Filipino Wonder Boy Leads U.S. Team to Its First Baseball Division World Series

Pitcher Miguel Trota Salud, 22, leaves a trail of championships behind him.

Pitcher Miguel Trota Salud, a 22-year-old college senior, led the California Lutheran University (CLU) Kingsmen to their first Division III World Series championship in the United States.

Salud was formerly a pitcher for the Blue Batters of Ateneo de Manila University in the Philippines.

The NCAA championship season had been down to the two final games against the Washington and Jefferson College Presidents, but despite CLU’s lukewarm turnout during the first few games, the Kingsmen triumphed in the end.

The team had risen slowly but surely in the rankings, recovering from a 2-12 loss in Game One of the series. In his first season of play with CLU, Salud consistently closed the games. His stellar performance in the tournament earned him the title Most Outstanding Player. On this unexpected turn of events, Salud told Tiebreaker Times, “From the beginning, I did not even think that I will be closing out. I was just the first guy out of the pen. And when they told me that I would be the closer, I just took my approach and hit my spots. Every time I come out, the only thing I see is me and my catcher.”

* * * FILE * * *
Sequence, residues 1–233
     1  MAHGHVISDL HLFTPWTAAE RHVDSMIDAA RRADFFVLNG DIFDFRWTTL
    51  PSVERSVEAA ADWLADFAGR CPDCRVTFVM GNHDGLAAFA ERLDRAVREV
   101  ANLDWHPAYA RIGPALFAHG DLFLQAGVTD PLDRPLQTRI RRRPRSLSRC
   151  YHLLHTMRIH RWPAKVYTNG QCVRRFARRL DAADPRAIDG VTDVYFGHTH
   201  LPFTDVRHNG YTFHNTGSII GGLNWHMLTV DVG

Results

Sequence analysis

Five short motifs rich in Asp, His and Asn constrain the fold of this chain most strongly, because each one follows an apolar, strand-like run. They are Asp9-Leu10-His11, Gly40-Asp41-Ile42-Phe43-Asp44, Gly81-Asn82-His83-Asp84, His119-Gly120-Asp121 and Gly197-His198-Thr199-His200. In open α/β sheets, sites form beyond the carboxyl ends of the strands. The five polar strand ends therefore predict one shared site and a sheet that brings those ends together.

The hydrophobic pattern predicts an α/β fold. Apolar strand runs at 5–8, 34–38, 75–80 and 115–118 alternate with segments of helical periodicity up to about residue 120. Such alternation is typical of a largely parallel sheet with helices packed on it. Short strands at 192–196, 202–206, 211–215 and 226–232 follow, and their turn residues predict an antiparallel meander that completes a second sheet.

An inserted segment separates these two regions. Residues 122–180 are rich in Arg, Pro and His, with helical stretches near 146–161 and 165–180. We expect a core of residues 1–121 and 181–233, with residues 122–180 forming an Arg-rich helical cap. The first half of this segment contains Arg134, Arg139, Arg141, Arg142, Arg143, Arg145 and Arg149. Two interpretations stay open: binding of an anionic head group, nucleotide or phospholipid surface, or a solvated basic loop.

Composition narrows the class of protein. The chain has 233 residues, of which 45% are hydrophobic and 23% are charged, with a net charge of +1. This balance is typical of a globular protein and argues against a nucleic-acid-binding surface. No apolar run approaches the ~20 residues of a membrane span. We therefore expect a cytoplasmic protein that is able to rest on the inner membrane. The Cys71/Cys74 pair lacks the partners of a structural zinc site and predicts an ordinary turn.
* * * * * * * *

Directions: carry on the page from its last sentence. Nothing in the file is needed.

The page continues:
A postgame interview further explains the team’s strategy. Watch it below:

Before his involvement with the Kingsmen, Salud already turned heads back home in the Philippines back in 2013 when he helped lead the Ateneo Blue Batters to victory against Adamson University during UAAP Season 75. As a rookie pitcher, he was a reliable standout and was awarded co-MVP with his hitter Matt Laurel. The Blue Batters made history that season by claiming their first UAAP championship and established Salud as one to watch.


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Hannah Lazatin
Senior Staff Writer
Hannah is a communications graduate from Ateneo de Manila University. She’s originally from Pampanga and from a big, close-knit family who likes to find a reason to get together at the dinner table. Experiences inspire her. “Once, at a restaurant, I received an interpretation of my second name ‘Celina,’ and it meant 'someone who tries everything once' and that is me through and through,” she says. As for the job, she wants her “readers to be inspired by the stories of the people we feature and to move them to reach for greater things.”
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